Germline mutations in the BRCA1/2 genes are associated with significant risk of developing ovarian cancer. However, there is substantial interindividual variability in both the incidence rates and age at diagnosis in BRCA1/2 mutation carriers, implying that while germline mutations in BRCA1/2 may be necessary to explain the Mendelian pattern of cancer in some families, they may not be sufficient to completely describe interindividual variability in cancer risk. Although there is a wealth of epidemiologic information about exposure-related risk modifiers of ovarian cancer in the general population, their role in hereditary ovarian cancer is not well defined. Our current model of hereditary ovarian cancer risk prediction is based on prevalence estimates derived from small, selective populations, which compromises our ability to personalize ovarian cancer prevention strategies. Currently risk reducing salpingo-oophorectomy (RRSO) offers the highest degree of risk reduction (70-95%). Because of the younger age of onset of ovarian cancer in women with BRCA1/2 mutations, RRSO is recommended at age 35 or when childbearing is complete, often inducing surgical menopause and its associated short- and long-term morbidities. Without more specific estimates of the individual risk of developing ovarian cancer or the age of onset, women considering RRSO must weigh the pros and cons of undergoing surgery and consider the optimal timing of RRSO in the face of uncertainty, leading to significant numbers of women who choose not to undergo RRSO, or who delay the decision until they reach menopause. Evidence suggests that additional modifying factors influence cancer penetrance among BRCA1/2 mutation carriers. A better understanding of the pathways that modify both ovarian cancer incidence and its timing could lessen the uncertainty associated with ovarian cancer risk estimates and translate into more specific cancer prevention strategies for individual women, based on their personal modifier profile. We propose an enhancement of the current prevalence model through: 1) identification and quantification of reproductive and exposure-related risk factors involved in DNA damage recognition and repair pathways that influence 8RCA ?//2-associated ovarian cancer risk;2) exploration of their interaction with genotypes at other loci; and 3) development and evaluation of a web-based patient decision aid (PtDA) to complement the genetic counseling session and facilitate decision-making regarding hereditary ovarian cancer risk management.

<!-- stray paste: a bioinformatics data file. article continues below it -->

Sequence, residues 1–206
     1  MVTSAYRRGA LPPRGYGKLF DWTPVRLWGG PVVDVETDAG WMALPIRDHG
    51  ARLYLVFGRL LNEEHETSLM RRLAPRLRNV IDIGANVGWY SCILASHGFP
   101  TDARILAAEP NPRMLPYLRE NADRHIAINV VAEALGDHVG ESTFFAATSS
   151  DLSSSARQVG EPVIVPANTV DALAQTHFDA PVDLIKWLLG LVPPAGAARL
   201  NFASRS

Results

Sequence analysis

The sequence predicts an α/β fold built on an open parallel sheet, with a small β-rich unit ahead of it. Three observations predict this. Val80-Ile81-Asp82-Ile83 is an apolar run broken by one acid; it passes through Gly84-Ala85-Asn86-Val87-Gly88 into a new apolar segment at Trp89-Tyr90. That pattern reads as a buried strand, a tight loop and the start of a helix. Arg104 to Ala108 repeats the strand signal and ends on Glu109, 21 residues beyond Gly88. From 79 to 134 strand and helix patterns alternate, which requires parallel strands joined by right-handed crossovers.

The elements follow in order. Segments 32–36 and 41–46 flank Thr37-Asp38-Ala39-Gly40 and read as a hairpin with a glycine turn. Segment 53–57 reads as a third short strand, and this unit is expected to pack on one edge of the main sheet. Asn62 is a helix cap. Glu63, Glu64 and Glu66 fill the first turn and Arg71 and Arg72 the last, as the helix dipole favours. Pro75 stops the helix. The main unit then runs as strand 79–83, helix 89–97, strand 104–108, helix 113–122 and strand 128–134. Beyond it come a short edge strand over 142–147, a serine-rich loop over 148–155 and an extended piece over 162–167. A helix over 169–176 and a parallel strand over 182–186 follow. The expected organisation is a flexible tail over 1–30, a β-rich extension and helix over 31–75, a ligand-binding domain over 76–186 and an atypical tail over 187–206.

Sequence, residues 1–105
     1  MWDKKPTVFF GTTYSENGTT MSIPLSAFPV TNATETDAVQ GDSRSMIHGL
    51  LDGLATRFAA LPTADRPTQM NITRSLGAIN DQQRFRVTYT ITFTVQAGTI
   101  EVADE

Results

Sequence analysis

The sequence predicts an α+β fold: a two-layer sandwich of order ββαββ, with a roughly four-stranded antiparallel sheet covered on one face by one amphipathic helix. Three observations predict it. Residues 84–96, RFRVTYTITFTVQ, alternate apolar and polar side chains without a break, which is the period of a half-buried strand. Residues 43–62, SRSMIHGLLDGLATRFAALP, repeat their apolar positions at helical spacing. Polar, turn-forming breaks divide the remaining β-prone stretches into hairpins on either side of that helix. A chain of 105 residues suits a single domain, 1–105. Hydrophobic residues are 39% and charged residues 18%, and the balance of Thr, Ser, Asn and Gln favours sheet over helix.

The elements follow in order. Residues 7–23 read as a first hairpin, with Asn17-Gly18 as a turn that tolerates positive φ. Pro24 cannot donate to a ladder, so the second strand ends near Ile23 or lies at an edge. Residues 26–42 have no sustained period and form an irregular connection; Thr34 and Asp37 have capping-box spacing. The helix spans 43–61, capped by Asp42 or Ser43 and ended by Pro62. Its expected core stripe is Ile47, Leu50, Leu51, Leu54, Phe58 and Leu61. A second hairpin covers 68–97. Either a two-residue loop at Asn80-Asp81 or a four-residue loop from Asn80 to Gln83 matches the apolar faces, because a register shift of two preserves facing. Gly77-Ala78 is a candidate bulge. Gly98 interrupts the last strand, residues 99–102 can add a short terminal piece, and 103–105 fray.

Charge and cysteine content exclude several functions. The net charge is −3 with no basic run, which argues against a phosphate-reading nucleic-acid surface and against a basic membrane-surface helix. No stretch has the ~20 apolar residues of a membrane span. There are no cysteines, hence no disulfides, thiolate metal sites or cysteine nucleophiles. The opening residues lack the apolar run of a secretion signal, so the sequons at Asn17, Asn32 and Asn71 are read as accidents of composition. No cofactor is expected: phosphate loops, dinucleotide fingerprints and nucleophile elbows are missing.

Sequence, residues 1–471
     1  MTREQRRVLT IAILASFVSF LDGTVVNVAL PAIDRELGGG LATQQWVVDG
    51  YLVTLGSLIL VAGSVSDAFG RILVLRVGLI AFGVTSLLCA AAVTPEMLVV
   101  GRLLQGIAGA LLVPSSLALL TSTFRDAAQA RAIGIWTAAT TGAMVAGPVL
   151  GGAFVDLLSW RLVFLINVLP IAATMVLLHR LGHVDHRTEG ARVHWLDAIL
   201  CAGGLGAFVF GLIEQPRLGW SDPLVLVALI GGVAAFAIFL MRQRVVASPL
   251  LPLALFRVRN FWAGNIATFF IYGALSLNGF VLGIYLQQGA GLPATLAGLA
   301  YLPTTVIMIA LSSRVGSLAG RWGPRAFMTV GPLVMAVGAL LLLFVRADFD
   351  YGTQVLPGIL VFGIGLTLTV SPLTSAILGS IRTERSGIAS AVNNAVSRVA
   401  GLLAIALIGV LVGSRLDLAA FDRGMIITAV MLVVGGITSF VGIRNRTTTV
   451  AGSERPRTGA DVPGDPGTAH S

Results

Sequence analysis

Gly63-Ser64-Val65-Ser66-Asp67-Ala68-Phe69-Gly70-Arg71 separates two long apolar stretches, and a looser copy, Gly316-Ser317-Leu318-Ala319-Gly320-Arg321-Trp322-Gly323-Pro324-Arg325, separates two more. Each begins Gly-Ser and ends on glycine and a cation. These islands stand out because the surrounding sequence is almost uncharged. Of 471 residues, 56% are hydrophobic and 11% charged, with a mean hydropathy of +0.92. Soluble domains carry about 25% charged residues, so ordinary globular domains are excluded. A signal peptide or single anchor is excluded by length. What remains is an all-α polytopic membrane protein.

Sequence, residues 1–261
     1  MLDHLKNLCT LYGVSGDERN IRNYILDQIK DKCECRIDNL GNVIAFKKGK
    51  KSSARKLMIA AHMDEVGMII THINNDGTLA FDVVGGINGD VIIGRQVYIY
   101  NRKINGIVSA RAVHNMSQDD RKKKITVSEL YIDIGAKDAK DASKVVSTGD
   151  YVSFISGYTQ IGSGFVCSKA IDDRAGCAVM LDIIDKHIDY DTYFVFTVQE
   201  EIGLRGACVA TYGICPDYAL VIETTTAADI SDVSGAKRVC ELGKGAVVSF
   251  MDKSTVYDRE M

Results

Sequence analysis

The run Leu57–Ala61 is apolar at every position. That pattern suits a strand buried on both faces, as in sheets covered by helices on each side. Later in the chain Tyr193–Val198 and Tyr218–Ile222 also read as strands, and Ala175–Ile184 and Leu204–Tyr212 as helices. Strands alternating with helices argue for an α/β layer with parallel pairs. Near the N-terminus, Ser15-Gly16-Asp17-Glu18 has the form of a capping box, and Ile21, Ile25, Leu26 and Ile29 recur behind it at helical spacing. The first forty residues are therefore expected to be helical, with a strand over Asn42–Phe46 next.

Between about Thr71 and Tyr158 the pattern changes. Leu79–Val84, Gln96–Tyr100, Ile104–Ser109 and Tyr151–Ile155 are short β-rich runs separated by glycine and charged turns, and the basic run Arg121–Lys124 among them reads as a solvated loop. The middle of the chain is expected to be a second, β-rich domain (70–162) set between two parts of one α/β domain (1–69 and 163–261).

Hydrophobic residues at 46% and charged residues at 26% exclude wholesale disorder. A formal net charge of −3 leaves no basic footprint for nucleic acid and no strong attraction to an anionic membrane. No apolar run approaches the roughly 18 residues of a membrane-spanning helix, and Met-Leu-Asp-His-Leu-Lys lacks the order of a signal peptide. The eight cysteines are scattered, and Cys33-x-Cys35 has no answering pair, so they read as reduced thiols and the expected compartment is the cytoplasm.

Prophylactic oophorectomy offers the greatest degree of protection from ovarian cancer in women with mutations in BRCA1/2. However, the decision to undergo surgery is challenged by the uncertainties of individual risk and the adverse short- and long-term consequences of the surgery. The goal of this project is to investigate genetic and non-genetic factors which might provide more precise estimates of risk, and incorporate this personalized risk information into a decision aid to complement the testing process.
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